“The modern worker’s skill set is more fluid than ever before and requires updating existing expertise and learning brand new skills on an almost continuous basis.”
The learning journey is as important as the destination
Many digital credentialing strategies across commercial enterprises focus primarily on formal certification programs. This is a terrific application for badging and a great way to get started
with launching a badge program. But there are other areas where badging can be effectively applied to improve the learner experience. Education and training programs that are part of
the journey toward becoming certified are often lengthy and include important skill development milestones that would benefit from being recognizing with digital credentials. Or perhaps there
are skill development programs that don’t lead to a certification. Whatever the case, there is significant value to be realized when leveraging digital credentialing for the following:
- Completion of ‘key’ Individual courses (hours to days to complete)
- Achievement of critical learning milestones (days to weeks to complete)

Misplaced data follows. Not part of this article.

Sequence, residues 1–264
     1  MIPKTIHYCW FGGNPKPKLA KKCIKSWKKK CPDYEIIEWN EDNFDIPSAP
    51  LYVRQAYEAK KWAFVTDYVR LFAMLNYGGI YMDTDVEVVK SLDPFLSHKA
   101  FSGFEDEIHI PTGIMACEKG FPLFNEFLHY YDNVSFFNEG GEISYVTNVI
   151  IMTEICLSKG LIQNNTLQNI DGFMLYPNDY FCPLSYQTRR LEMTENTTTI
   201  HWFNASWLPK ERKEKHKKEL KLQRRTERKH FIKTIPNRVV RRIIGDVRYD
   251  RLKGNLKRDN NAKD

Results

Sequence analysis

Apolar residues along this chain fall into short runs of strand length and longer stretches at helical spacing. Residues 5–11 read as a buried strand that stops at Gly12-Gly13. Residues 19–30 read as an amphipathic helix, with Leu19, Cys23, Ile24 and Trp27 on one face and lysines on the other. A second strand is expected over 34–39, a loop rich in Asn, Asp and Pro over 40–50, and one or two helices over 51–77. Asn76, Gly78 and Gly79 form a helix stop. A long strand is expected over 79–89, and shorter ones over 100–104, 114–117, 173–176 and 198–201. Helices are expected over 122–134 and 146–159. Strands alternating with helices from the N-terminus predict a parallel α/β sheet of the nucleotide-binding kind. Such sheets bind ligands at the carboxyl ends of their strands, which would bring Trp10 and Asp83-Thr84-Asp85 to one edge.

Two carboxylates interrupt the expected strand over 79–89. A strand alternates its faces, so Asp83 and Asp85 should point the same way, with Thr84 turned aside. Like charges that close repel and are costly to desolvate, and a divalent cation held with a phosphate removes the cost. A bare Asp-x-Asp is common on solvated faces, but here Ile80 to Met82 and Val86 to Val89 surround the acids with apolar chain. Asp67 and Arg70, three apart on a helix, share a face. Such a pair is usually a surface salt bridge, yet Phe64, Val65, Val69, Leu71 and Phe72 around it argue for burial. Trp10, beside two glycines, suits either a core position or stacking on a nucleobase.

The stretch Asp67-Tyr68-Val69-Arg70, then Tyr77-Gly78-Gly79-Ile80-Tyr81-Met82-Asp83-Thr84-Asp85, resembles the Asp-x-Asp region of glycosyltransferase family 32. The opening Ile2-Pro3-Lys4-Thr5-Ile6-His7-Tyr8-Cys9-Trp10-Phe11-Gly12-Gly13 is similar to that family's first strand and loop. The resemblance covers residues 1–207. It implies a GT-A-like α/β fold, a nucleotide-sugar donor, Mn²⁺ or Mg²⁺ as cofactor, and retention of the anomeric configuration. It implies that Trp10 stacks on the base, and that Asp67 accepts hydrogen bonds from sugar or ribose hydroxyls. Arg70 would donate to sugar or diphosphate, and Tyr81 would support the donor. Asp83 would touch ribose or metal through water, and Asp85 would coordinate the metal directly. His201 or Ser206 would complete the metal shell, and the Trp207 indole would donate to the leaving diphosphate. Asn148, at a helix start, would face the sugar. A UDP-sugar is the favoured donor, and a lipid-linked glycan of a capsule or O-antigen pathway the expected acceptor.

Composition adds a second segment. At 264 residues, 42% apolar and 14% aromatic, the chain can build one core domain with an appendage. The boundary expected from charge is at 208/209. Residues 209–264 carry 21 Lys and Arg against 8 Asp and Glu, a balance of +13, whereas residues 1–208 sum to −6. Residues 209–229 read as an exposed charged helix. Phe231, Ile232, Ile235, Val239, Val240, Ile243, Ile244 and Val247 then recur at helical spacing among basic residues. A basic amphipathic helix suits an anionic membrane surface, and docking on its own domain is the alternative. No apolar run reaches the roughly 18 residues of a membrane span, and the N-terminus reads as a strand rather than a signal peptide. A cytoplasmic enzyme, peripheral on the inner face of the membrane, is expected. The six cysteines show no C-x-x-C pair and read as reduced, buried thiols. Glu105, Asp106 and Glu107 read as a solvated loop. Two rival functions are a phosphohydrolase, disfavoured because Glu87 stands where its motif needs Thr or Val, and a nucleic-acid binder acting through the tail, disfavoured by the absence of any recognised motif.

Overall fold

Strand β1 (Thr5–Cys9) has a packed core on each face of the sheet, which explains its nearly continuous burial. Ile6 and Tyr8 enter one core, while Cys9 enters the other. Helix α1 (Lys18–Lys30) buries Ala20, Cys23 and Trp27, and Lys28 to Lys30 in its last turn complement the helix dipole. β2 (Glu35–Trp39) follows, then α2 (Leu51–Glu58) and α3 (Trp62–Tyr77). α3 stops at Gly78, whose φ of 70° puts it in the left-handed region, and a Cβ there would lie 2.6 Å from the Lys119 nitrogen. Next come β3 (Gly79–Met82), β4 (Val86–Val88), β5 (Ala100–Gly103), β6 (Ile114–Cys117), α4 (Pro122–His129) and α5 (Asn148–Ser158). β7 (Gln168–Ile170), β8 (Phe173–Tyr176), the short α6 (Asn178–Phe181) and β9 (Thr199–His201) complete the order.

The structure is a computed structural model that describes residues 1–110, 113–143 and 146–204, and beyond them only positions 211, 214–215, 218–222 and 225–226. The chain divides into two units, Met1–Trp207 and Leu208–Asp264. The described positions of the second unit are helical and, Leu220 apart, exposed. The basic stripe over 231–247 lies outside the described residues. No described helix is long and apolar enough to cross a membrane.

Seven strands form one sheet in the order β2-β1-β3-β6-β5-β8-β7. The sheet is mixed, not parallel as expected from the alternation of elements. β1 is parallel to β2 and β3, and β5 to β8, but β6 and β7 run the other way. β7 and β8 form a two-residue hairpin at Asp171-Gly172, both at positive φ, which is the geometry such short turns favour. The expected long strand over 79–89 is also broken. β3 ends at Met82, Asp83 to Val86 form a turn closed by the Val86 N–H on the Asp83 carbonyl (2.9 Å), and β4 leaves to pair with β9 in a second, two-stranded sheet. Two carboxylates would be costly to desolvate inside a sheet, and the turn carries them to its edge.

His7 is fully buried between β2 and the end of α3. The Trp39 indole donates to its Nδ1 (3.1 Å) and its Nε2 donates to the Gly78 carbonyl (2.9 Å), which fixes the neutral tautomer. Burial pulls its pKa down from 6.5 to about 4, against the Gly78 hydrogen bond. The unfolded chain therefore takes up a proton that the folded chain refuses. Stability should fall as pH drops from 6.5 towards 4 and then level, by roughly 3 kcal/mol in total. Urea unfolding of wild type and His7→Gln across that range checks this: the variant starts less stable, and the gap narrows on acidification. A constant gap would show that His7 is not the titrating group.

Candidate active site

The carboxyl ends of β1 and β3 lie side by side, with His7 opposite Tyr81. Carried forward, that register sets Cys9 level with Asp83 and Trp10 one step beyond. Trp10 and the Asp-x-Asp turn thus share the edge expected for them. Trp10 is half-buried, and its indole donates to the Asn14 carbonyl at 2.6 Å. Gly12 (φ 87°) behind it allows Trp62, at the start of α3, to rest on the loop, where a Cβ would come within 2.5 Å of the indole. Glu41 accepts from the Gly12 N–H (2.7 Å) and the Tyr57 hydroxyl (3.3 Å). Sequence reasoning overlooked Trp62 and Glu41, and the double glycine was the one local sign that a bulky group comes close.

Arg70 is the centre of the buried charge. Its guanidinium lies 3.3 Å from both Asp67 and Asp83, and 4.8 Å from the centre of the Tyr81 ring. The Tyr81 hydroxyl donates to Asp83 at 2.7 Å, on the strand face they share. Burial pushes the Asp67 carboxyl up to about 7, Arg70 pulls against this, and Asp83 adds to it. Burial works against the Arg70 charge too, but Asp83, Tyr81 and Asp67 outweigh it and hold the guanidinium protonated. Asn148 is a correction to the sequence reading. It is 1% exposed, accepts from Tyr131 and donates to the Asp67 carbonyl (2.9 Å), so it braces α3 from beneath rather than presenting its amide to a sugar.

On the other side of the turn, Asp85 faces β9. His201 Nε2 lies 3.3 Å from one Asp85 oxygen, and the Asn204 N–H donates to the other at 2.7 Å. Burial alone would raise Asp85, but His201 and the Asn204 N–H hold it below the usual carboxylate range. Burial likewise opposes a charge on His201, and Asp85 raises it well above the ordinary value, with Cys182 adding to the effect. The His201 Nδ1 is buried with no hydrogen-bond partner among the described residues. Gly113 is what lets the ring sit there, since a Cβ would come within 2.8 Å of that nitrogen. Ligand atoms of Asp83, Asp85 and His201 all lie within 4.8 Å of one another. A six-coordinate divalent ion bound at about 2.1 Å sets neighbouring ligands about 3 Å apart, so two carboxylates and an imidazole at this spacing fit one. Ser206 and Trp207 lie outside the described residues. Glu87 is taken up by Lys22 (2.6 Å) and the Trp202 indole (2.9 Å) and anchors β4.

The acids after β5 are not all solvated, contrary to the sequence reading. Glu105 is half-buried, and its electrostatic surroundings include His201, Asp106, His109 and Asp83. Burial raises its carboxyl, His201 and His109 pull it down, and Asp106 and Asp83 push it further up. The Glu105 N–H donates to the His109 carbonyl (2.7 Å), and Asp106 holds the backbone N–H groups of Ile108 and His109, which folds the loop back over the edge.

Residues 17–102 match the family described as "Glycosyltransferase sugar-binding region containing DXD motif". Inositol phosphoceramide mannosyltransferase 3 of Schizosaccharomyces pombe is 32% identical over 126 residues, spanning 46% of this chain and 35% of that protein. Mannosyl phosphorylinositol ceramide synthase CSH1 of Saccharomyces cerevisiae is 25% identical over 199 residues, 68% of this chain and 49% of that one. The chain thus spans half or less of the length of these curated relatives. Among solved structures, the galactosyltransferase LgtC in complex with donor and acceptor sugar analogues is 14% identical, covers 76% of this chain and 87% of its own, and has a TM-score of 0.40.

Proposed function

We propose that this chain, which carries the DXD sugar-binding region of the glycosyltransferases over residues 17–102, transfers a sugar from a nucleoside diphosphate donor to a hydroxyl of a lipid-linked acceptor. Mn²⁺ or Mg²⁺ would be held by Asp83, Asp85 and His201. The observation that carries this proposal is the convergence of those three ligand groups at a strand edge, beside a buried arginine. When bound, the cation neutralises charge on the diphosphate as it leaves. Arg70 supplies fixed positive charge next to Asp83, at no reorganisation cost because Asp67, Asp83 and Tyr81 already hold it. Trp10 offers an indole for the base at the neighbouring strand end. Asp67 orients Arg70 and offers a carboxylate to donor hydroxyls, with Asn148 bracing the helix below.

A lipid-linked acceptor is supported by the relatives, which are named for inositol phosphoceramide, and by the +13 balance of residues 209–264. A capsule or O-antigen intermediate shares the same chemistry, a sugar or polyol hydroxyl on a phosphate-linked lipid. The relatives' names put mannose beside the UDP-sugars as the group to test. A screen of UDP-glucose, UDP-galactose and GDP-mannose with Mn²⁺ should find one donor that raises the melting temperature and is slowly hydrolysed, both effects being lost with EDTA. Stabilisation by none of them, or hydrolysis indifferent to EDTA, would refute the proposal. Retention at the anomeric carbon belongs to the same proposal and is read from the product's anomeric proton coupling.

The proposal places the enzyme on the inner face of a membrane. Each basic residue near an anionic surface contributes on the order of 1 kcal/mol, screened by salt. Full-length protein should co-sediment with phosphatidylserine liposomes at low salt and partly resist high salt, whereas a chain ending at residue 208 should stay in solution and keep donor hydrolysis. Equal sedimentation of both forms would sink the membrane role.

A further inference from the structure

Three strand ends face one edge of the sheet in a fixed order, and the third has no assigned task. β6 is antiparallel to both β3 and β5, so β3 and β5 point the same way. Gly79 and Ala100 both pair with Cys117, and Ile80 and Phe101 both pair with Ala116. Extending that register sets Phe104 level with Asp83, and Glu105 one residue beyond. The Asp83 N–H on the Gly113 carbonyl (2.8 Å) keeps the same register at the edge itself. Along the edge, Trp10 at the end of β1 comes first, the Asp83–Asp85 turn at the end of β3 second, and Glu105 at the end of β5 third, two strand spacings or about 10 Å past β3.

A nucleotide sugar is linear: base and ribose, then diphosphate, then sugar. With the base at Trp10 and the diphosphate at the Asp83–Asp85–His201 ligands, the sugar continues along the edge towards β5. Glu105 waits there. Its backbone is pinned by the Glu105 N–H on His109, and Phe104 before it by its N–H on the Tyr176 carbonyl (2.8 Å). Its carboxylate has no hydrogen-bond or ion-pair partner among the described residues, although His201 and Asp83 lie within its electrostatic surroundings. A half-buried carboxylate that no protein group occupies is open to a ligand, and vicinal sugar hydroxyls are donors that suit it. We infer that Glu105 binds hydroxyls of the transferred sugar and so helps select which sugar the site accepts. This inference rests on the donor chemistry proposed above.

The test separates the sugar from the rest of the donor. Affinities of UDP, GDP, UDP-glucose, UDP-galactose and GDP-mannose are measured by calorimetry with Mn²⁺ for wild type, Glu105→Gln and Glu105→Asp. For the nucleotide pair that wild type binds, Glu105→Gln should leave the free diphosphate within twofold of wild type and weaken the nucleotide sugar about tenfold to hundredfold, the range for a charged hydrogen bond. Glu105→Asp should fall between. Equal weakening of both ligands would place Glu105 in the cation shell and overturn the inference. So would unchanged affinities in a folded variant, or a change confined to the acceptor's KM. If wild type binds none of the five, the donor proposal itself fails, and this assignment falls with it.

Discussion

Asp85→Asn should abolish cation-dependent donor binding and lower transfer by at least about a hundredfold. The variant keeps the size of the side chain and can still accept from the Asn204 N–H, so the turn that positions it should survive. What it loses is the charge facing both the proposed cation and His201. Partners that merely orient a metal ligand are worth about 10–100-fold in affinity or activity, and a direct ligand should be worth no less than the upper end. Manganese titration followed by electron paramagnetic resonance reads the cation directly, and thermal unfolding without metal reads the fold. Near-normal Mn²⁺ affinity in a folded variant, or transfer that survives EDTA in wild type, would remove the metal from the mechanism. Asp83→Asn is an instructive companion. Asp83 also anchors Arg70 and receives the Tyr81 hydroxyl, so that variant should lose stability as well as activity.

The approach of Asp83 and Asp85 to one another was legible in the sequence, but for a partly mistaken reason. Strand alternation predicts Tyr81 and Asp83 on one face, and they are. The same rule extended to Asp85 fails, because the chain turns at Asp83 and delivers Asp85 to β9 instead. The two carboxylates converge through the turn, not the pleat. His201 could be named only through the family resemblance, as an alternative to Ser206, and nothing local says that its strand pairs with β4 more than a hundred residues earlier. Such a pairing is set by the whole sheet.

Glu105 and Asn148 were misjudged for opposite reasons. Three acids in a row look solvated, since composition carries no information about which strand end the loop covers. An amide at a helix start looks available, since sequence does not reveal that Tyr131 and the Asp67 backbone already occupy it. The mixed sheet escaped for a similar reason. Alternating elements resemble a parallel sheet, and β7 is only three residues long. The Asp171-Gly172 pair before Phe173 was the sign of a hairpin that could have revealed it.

- Completion of comprehensive learning programs (weeks to months to complete)
The modern worker’s skill set is more fluid than ever before and requires updating existing expertise and learning brand new skills on an almost continuous basis. And while certification programs work well for aggregating skills recognition into a single validated and verifiable credential, they don’t always cover the full spectrum of skills required in our jobs or have the ability to surface newly acquired skills in real-time. In other words, it’s essential to expand credentialing across the skill development and progression landscape to establish a more complete and current skills registry of knowledge, skills and abilities throughout the organization.
“Ongoing analysis proved that thoughtful and well-structured skills development and recognition programs lead directly to increased learning engagement and completion.”
Who benefits from this approach?
- The credential earner benefits from this approach by having a more complete, verifiable record of their skills investment and proven commitment toward learning.